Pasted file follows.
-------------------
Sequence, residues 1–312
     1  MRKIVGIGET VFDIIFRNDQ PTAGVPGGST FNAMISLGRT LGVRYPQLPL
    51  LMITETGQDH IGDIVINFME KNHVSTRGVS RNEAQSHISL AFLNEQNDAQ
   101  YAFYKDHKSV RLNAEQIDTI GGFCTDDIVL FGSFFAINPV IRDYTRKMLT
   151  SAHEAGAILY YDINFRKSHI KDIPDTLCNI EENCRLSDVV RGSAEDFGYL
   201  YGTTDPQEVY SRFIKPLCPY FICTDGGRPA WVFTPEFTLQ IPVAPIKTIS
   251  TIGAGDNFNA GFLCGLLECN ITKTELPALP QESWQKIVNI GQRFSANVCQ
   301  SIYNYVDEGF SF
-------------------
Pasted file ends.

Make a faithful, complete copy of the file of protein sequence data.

Sequence, residues 1–312
     1  MRKIVGIGET VFDIIFRNDQ PTAGVPGGST FNAMISLGRT LGVRYPQLPL
    51  LMITETGQDH IGDIVINFME KNHVSTRGVS RNEAQSHISL AFLNEQNDAQ
   101  YAFYKDHKSV RLNAEQIDTI GGFCTDDIVL FGSFFAINPV IRDYTRKMLT
   151  SAHEAGAILY YDINFRKSHI KDIPDTLCNI EENCRLSDVV RGSAEDFGYL
   201  YGTTDPQEVY SRFIKPLCPY FICTDGGRPA WVFTPEFTLQ IPVAPIKTIS
   251  TIGAGDNFNA GFLCGLLECN ITKTELPALP QESWQKIVNI GQRFSANVCQ
   301  SIYNYVDEGF SF